John Surman - Spaces and Places

John Surman is one of the totemic figures of British jazz, one of the select number revered and admired in Britain and abroad, both for his technical skills and for his audacious approach to jazz and improvised music. His latest album The Spaces In Between is just one of a raft of new projects that Surman is involved with in the coming year, showing a wide range of Surman’s interests. Interview: Duncan Heining 
John Surman - Spaces and Places
Throughout his 40-year career, saxophonist John Surman has pioneered innovation in Jazz. His desire to create new spaces where improvisation can happen has been a driving force in his work and has kept him at the forefront of the music. He has developed the use of electronics in solo and group performance and used it to create a wholly unique compositional and improvisational style. And he’s worked with everything from brass ensembles and choirs to string quartets and full orchestras.

A few years ago, John moved permanently to live in Norway with long-term partner, singer Karin Krog. The immediate reason for this interview is his forthcoming CD, The Spaces In Between. However, with so many other projects coming together over the next twelve months, 2007 will offer an embarrassment of riches for John’s many fans. The new CD features John with bassist Chris Laurence and the Trans4mation string quartet and is a follow-up to Coruscating. Good though that album was, The Spaces In Between is a totally successful integration of written and improvised music and of Jazz, Folk and Classical styles. Indeed, it’s one of the finest albums John has ever made. I ask John how this project has changed since its beginnings seven years back.

“I think it’s developed. We did a number of performances after we recorded Coruscating, and we had done a few before it. I think a lot of the music has grown out of working together. I’ve realised what the strings can do and they’ve got used to the way that I’m looking at writing. So, the two things have gone hand-in-hand really.” John had tried writing for strings before but felt it lacked that special thing to “make the music come alive.”  

“You could say it needed a bass but actually it needed the ‘one and only’ Chris Laurence to do it. He’s got that incredible link between working with orchestral string players and being a perfect improviser and someone whose playing I know very well.” John is spot on. Chris Laurence is the bridge both between those two worlds and between John’s reed instruments and the strings. But it’s also, the opportunity to work consistently with a core group that has transformed the music. Apparently, some promoters have wanted to take shortcuts and make savings by backing John and Chris with a local string quartet. As John explains, they are missing the point.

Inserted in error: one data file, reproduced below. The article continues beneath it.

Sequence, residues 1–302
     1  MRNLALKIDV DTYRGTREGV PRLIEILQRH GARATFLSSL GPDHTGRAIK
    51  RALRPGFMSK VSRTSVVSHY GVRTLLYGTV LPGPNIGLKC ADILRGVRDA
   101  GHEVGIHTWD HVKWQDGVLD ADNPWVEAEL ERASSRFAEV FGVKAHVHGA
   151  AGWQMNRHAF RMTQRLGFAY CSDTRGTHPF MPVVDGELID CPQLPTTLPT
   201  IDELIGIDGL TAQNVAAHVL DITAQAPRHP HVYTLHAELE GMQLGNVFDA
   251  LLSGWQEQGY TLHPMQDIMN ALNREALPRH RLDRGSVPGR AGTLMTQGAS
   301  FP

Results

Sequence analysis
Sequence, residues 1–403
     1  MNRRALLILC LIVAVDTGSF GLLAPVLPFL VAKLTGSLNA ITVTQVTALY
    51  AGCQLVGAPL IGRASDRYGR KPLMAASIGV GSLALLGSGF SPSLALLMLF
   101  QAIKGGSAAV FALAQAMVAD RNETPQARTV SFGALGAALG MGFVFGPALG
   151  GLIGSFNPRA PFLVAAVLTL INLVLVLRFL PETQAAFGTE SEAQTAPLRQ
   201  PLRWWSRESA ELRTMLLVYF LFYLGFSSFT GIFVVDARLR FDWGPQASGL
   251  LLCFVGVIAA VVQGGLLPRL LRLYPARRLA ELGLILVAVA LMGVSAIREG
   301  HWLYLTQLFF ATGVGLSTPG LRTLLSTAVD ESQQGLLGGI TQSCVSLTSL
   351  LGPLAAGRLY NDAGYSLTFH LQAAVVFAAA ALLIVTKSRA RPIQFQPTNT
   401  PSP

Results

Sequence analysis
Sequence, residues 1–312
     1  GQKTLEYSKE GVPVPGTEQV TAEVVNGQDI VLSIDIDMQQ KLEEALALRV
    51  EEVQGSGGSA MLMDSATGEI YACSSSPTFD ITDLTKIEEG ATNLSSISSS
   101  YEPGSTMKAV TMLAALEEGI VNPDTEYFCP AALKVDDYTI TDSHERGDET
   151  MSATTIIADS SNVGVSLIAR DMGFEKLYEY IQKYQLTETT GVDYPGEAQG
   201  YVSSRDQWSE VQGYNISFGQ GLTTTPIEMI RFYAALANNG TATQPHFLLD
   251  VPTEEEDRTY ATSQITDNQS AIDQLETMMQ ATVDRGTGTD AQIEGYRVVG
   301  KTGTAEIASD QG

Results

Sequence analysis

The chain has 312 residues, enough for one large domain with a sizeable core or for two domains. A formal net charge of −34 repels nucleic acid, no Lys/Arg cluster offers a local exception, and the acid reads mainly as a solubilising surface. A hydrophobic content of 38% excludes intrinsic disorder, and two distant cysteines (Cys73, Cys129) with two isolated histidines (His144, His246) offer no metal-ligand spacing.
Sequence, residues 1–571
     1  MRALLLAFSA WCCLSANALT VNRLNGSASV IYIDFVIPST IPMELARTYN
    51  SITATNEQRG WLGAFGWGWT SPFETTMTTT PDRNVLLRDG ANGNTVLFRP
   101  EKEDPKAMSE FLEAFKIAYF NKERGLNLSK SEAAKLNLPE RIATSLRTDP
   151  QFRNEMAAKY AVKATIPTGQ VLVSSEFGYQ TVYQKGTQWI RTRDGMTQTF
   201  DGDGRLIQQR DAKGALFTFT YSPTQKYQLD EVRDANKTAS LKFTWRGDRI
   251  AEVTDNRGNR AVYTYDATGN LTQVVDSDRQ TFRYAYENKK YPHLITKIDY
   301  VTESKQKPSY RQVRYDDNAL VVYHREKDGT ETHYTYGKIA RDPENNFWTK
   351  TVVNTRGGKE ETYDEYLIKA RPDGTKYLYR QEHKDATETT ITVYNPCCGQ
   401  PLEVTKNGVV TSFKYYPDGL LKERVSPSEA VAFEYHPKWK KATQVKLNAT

“These musicians are really important to this project. There’s a touch more to making this really work and that’s the way in which Trans4mation, who were also fans of Chris’ and my music anyway, take care of themselves while Chris and I go off on flights of fancy. We don’t have to nurse them to make sure they come in at the right place. Now, they know instinctively when to play the written parts and how, in a way, we will use them as a rhythm section. A normal ‘romantic’ string quartet will bend the time, so when we go off on a flight of fancy, we don’t always end up in the same place together.”

If composition has become an increasingly important aspect of John’s work, it is as a means rather than as an end in itself. For John: “The writing just creates these different places and textures and ways of setting off improvisation.” That in turn makes it essential that projects like Coruscating or Proverbs and Songs, with its organ and choir, are allowed to grow almost organically. In John’s opinion, the constant demand for new work stops that process of natural growth.

“I’m afraid there is this quest for novelty and new projects, whereas I think a lot of pieces, like Proverbs and Songs benefit from being performed. The more we’ve played it, the looser it’s got, the more it’s revealed, the more freedom. But people say, why don’t you write something else? But for me, it’s a case of ‘Wait a minute!’ This isn’t a set piece of music that will be performed the same way every time. It’s a piece that’s living and if you don’t keep playing it, it won’t go anywhere.”   

The title track of the new CD not only illustrates this beautifully but reveals the part that improvisation plays in John’s life as well as in his music. “If only I could live my life in such a structured way that I knew where things were leading and what their purpose was. But I really don’t. You’ve got this quite long solo piece that Rita Manning plays in the middle of The Spaces In Between simply because it emerged as we were playing together. I thought it would be really nice, if I could play the violin. I thought, what would I play if I could do a violin solo? So, I wrote something to see what would happen. So, it’s really what I would play but I’ve written it out for Rita who plays it magnificently.”

This feature is taken from Jazzwise Issue Number 108 - to read the full feature subscribe here and receive a free CD.